I need to cure my ailment…and it’s bad… I’m a procrastinator. But I learned it may be because I need to shut down.
I’ve been reading lots of articles about taking a break…a little down time, time off.
For overall good health, routine breaks come highly recommended.
I’m not addicted to work, no way, not me! But I do have a strong sense of obligation to my daily responsibilities. As I grow, “work smarter” seems to represent a level of maturity I need to attain. The little voice in my head that keeps saying “work harder, push through” may be detrimental to my overall energy. I may think I’m being productive but eventually I’ll slow down to a snail’s pace racing side by side with fatigue.
I’ve heard someone describe taking a break as disconnecting to reconnect. We need breaks to cool our brains down, literally.
I’m not addicted to work. At least I don’t think so. But I am habituated to metrics or the different ways of measuring success. What are my percentages, my numbers…am I hitting my marks? Everything quantified, everything measured. I get it, we need to know if the job is getting done, but at what cost to the work/life balance or being allowed to enjoy the workday. For most of us, if we don’t enjoy the workday, at the end of the week we lose 5-to-2. We’re supposed to enjoy work. I love my job’s purpose. My job is creative and vigorous…but it is demanding. And even though I have freedom to create, a continual need to be creative has its own kind of pressure.
Did I miss a call? Did I miss a text? Who’s on my call back list …everyday.
And so now, I got my eyes on a break.
Experts say strategic breaks can be refreshing and help you see a situation in a new way.
A break isn’t going to kill me. And I won’t suddenly forget how to do my job. In the end it won’t harm me. So, what will I do?
I plan to stay up late, people watch, and exercise some.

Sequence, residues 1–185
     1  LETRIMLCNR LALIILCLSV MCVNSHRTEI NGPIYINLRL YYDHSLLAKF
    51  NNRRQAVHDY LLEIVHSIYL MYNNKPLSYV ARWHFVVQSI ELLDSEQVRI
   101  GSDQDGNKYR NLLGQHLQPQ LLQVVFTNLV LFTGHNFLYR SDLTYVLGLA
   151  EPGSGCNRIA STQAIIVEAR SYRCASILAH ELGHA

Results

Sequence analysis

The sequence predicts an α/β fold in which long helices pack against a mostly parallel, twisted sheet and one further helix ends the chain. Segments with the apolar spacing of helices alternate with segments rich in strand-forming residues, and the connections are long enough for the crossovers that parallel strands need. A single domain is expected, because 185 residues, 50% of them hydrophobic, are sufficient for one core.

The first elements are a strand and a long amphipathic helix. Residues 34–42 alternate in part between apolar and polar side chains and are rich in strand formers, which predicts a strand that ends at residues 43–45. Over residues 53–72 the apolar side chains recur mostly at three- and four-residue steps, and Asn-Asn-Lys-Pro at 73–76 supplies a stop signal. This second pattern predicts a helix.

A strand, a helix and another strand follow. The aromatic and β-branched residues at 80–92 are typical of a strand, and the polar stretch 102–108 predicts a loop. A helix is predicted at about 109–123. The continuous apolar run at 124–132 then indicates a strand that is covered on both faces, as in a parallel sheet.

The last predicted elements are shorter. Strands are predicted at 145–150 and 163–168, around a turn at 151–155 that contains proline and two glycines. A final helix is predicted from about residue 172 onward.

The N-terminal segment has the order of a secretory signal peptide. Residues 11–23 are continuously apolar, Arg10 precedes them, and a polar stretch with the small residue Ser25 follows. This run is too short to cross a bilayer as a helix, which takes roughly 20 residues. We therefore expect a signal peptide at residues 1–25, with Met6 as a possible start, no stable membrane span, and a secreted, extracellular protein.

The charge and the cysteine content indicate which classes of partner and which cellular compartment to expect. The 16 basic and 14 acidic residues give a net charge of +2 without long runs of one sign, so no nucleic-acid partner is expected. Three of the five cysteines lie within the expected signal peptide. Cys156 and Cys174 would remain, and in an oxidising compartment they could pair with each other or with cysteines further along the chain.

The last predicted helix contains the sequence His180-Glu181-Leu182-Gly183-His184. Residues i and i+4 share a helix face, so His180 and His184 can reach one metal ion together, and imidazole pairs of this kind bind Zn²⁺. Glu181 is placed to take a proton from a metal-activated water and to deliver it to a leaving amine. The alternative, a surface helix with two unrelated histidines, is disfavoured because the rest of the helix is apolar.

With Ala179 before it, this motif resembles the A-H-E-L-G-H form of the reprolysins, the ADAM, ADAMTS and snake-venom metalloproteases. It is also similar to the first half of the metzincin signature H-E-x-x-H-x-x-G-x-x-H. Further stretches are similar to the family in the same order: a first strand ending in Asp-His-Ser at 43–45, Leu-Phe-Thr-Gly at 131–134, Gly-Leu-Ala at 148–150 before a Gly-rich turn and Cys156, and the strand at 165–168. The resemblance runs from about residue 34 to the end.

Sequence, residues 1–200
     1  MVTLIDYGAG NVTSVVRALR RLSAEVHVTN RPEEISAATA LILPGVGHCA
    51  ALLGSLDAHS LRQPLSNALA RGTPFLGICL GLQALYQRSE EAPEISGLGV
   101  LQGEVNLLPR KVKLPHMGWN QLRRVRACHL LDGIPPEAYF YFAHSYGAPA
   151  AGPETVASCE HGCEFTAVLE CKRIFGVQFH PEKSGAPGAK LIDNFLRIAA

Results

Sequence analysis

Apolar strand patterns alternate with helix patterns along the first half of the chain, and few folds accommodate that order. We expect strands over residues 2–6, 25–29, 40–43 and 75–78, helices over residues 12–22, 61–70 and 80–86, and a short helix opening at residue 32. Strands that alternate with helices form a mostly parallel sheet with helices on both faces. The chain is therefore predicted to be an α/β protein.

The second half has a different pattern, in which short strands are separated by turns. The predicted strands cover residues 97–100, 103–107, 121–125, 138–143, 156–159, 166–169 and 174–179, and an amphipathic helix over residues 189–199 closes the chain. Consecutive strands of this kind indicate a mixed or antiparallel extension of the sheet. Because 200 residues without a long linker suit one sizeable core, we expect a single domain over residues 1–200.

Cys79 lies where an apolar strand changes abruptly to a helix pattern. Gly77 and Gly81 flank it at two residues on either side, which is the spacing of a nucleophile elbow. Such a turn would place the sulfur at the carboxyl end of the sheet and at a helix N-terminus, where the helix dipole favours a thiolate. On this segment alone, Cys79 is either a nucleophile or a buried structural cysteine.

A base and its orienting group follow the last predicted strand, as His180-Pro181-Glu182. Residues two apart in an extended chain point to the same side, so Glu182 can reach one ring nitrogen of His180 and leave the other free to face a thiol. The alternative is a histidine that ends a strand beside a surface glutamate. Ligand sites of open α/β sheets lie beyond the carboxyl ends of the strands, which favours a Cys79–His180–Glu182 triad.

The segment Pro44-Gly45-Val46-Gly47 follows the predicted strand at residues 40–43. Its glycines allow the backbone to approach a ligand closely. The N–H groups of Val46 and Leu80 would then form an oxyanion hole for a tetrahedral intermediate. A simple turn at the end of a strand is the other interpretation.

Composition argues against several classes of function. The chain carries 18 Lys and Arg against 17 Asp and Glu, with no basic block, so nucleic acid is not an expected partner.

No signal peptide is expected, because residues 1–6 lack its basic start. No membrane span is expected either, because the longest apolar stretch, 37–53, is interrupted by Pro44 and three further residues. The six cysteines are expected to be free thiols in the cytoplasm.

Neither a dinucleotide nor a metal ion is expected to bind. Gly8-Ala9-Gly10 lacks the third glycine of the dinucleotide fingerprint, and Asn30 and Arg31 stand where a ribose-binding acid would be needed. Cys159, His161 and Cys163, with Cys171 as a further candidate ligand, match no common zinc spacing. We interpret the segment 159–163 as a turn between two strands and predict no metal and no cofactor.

I hate board games, puzzles, and card games. So, I won’t do that. I will read. I like to read about religion and history.
A break is a brief pause from work, physical energy, or activity. You’re resting with the full intent of getting back to work within a realistic amount of time.
Let me get scientific for a sec. I’ve learned …when you’re doing goal-oriented work that requires focus, the prefrontal cortex is responsible for keeping you focused on your goals. The prefrontal cortex is also responsible for logical thinking, critical decision-making, and willpower. The prefrontal cortex is asking for a timeout.
Decision fatigue can lead to procrastination. As players we think we are getting laser focused, but studies indicate that sustained attention to a single task hinders performance. Psychology professor Alejandro Lieras says, “deactivate and reactivate your goals. That allows you to stay focused”. Breaks keep your goals on track! Have fun, relax, laugh with friends, be entertained. Rest leads to productivity and brings back motivation.
Here are some helpful suggestions for rest that leads to motivation; walk, exercise, sit alone, nap, breath, meditate and always take the long way home…
An action like taking a break creates opportunity for productivity.
Professional Athletes Foundation
NFL Player 1990-1999